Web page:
Ayurveda is the oldest medical system in the world. Like yoga, it is also indigenous to India. It has been practiced for more than 5000 years and is still highly effective and widely used. The word Ayurveda means “science of life” or “lore of life” in Sanskrit. The guiding principle of Ayurveda is to promote health through the balance of the five natural elements— earth, water, fire, air and space (ether).
Due to the unique qualities of these elements, it is believed that their pairing creates three distinct energetic constitutions or “doshas”. The three doshas are known as Vata, Pitta and Kapha. Within the body, each dosha has specific mental, physical and emotional characteristics and handles certain functions, such as digestion, hormonal activity and communication.
VATA = Air + Space Vata controls all communication and movement: circulation, breath, voice,nerve function, transportation of nutrients to cells and excretion of waste. Vata is also associated with creativity, intuition and adaptability.
PITTA = Fire + Water Pitta is responsible for transformation and ‘getting things done’: digestion, metabolism of nutrients, production of cell energy and the intellect. Pitta also ignites our passion, courage and self-esteem.
KAPHA = Earth + Water Kapha’s role is stability, lubrication and protection: bones density, structure of cell membrane, synovial fluid, moucous, as well as growth and development from fetus to adult. Emotionally, Kapha is governs compassion, reliability and memory.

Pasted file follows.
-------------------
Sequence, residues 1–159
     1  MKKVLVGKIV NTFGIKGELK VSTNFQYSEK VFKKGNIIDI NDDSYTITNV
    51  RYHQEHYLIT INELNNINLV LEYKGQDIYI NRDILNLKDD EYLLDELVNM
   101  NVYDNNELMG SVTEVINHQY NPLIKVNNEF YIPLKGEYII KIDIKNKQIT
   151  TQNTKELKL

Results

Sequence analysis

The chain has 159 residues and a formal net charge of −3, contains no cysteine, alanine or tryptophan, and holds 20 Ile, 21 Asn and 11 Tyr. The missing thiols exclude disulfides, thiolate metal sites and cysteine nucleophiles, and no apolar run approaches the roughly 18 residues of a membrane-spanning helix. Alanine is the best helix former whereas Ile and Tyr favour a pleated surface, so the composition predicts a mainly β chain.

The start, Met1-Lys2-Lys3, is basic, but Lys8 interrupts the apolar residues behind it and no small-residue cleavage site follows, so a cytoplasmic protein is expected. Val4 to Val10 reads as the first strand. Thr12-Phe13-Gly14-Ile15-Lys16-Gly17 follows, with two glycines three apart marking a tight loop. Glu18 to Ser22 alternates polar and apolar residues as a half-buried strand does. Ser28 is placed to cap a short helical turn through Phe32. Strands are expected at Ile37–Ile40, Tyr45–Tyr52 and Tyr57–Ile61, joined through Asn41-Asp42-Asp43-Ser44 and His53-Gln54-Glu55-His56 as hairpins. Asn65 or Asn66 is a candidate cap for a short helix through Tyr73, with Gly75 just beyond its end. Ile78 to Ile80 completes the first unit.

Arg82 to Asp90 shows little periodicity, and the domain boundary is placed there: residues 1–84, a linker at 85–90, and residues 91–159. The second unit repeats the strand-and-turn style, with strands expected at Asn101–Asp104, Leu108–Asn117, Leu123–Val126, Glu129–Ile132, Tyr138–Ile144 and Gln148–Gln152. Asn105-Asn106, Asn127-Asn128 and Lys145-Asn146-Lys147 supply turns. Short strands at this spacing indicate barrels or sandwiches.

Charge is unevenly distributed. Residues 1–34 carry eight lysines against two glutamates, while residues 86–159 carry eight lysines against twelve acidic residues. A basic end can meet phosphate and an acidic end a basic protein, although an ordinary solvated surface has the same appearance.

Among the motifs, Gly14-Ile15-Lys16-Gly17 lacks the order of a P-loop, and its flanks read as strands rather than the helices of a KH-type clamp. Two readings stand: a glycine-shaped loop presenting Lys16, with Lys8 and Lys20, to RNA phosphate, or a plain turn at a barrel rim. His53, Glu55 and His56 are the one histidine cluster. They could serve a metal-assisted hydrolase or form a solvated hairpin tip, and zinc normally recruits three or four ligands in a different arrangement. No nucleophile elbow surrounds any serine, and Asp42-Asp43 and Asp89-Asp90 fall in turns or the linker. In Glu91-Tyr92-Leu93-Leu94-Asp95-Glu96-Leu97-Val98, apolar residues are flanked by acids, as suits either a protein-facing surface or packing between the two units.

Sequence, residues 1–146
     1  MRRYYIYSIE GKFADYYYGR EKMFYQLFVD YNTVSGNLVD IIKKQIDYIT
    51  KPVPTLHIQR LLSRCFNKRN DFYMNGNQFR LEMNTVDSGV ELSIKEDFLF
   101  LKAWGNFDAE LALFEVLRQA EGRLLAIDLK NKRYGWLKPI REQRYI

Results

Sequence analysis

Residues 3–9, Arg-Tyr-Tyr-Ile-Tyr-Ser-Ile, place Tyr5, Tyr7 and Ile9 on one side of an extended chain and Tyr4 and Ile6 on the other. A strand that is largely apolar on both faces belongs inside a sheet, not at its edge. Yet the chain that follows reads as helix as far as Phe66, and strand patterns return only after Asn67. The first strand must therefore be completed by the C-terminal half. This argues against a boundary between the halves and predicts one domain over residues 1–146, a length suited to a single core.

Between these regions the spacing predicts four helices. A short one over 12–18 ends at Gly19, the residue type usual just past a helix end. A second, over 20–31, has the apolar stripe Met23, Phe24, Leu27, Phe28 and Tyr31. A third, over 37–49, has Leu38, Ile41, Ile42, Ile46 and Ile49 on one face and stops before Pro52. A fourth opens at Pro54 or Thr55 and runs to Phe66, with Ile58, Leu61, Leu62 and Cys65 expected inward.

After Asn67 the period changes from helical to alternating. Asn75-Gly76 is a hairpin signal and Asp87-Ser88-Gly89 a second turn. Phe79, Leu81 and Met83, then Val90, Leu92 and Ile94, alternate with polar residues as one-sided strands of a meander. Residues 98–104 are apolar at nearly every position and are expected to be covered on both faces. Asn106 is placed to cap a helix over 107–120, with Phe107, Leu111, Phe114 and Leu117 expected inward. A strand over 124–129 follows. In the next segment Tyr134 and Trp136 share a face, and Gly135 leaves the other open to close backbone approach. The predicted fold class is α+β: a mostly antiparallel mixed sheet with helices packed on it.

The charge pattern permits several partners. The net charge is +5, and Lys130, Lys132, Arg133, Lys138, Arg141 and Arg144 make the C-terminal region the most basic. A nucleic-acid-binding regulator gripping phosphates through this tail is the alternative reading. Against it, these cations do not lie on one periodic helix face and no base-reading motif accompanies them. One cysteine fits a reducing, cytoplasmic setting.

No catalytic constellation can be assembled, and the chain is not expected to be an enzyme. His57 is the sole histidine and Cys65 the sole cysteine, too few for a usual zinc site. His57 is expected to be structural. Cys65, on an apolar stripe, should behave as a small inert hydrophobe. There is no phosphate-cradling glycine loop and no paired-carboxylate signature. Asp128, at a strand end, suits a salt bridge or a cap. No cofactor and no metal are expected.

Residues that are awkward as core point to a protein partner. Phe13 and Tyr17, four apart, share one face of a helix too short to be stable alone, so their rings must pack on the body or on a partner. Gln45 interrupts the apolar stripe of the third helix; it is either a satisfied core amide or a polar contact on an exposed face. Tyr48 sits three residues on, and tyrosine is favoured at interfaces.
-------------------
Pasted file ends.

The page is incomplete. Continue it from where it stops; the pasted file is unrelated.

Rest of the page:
Health and Dis-ease
Everyone has a unique constitutional balance that combines the five elements and the doshas in unique proportions. Although we have all three doshas present within us, most people have one or two dominant doshas. Each of us has a prakurti, an essential nature that reflects our balanced state or optimum health. We also have a vikurti, which is an acquired state, reflecting our imbalances or health concerns. When treating an ailment with Ayurveda, both the prakurti and the vikurti are taken into consideration.
Ayurvedic treatments include: custom food plans, recipes, daily routines, herbal remedies, poultices, breathing techniques, yoga as well as other therapies such as oleation, massage and energy balancing.
Because we are all unique, each person requires a customized food plan, yoga practice and specific lifestyle suggestions catered to their needs. Success and healing lie in the art of creating a tailor-made routine for the individual and simultaneously empowering that individual to observe their own natural rhythms and make conscious choices towards health and happiness.
NOTE: It is important to note that Ayurveda is not meant to be a substitute for Western medicine. It is best as preventative medicine. In the case of a serious health issue, ayurveda is a wonderful lifestyle complement to the allopathic system, meaning ayurveda helps patients maintain good digestion, strong immunity and rest while receiving Western medical treatments like antibiotics, chemotherapy, mood-stabilizers, etc.
My Journey with Ayurveda
As a yoga teacher, studying Ayurveda and becoming a certified Ayurvedic practitioner has changed everything for me, from the way I eat to the way I teach. My understanding of yoga, its Eight-Limbs, and its healing process has deepened through the study of Ayurveda. I am happier and more aware of my own personal needs and I strive to teach others how to do the same. Ayurveda has also heightened my intuitive skills making me more sensitive to the needs of my yoga students and my Ayurvedic clients.
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